Explosive Demand for Renewable Energy Is Expected to Boost Solar Power Installations in all the Regions
• North America. The North American solar power market has experienced tremendous growth during the last three years as a consequence of the increasing government concerns about energy security and independence. Additionally, the rising energy prices, volatility of fuel costs, and state and federal government incentives and subsidies, such as the production tax credit and the renewable portfolio standards, have contributed to the acceleration of solar power deployment in the region.
In 2010, in terms of PV installations, 1,121MW of solar PV power was added to the energy system, contributing to 2,923MW of cumulative installed capacity. More than 90 percent of the total installations in the region are in the U.S., particularly in California.
• Europe. The European solar power market has been facing some challenges during the last years, such as the German government decision to adjust feed-in tariff rates in accordance with annual installed capacity and the Spanish cap to solar installations. The industry has stridden through these challenges, relying on strong market fundamentals. The region had continued to experience steady growth in 2010, when total solar installations reached 28,243 MW.
The European solar power market has been driven by the strong policy support both at the European Union and the national level. These incorporate a range of financial incentives, including investment grants and premium tariffs. The EU directive on renewable energy adopted in December 2009 is the single, most important driver for EU members, forcing them to review their energy portfolios and develop a strategy for achieving those targets efficiently. The directive requires 20 percent of energy to be generated from renewable sources by 2020, and it sets a specific target for each European country.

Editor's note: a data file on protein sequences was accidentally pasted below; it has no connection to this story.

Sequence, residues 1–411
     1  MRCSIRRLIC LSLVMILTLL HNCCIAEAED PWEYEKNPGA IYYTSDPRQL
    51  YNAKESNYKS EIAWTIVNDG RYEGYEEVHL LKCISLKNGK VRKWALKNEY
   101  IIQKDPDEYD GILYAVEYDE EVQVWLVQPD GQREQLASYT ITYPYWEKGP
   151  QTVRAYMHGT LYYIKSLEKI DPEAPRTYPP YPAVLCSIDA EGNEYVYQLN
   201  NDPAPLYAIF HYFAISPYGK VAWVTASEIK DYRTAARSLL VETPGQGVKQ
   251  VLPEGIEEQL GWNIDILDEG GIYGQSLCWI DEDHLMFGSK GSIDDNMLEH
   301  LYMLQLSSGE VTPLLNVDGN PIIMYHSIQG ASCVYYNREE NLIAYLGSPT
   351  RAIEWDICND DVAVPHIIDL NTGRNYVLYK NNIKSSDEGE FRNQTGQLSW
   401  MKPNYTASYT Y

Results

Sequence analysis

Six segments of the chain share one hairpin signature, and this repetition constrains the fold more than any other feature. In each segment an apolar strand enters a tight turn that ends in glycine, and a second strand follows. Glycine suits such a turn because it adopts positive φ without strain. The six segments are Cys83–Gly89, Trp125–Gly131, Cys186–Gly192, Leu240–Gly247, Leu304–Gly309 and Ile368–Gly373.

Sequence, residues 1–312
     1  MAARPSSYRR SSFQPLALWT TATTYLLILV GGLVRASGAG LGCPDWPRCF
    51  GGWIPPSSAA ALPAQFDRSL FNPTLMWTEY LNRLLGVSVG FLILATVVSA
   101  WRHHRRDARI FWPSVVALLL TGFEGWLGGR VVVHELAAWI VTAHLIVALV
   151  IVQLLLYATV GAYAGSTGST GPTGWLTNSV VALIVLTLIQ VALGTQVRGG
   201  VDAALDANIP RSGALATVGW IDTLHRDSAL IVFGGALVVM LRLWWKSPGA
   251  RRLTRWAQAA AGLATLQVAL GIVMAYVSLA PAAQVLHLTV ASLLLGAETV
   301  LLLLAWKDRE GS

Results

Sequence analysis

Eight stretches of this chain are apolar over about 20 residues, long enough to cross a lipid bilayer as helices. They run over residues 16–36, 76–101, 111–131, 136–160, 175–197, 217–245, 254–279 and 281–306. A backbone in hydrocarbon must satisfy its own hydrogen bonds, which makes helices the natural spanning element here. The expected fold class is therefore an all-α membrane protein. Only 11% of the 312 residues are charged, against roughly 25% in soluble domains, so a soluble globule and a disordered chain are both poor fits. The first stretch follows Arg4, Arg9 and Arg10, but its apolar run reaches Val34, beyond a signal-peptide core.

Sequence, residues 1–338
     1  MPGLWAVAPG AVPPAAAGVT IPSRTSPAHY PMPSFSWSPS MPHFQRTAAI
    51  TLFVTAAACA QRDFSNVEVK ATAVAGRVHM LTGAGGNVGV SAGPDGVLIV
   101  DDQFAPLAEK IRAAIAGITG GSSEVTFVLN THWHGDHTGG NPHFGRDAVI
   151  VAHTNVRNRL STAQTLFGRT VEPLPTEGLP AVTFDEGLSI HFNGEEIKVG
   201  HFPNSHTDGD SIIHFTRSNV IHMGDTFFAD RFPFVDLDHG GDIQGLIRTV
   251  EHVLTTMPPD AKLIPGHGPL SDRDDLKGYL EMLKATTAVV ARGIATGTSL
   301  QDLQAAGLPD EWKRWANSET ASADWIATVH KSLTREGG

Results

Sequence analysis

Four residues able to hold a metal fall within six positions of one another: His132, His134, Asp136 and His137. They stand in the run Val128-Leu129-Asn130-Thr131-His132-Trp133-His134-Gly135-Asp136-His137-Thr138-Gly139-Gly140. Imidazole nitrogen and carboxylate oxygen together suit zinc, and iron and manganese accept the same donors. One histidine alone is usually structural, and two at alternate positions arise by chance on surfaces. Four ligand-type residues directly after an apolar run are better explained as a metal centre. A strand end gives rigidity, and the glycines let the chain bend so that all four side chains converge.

• Asia-Pacific. Asia Pacific had 5,843MW of PV cumulative installed capacity in 2010. The country with the highest installed capacity was Japan. Japan has been supporting its solar photovoltaic projects by means of several financing vehicles, such as utility mandates, subsidy programs and Japan’s Ministry of Economy, Trade and Industry action plan, which set targets to increase solar installations by a factor of 10 by 2020 and by a factor of 40 by 2030. China is the largest manufacturing base for solar cells in the world. Solar energy in China is primarily used for rural electrification. Building integrated photovoltaic applications in the country has recently accelerated due to subsidies.
• Rest of the World. PV solar installations are also expected to show strong growth from 2010 to 2017 driven mainly by feed-in-tariff policies and demand for rural electrification in developing countries. In 2010, the rest of the world had 1,939MW of the total installed PV capacity. However, the PV solar power market in these regions is facing significant challenges, such as the lack of adequate financial incentives, policies to encourage the use of solar energy and political instability.
The global PV solar power market was dominated by Europe, specifically by Germany and Spain. However, these countries’ dominance has started to weaken as the German and Spanish governments have reduced feed-in tariffs and PV markets in other countries have been building momentum. The U.S. is increasing its dominance and is likely to perform strongly in the near future, mainly due to the incentives and subsidies provided by the federal government and its immense solar potential.
Georgina Benedetti is a senior energy and power systems analyst for Frost & Sullivan, the international consulting firm.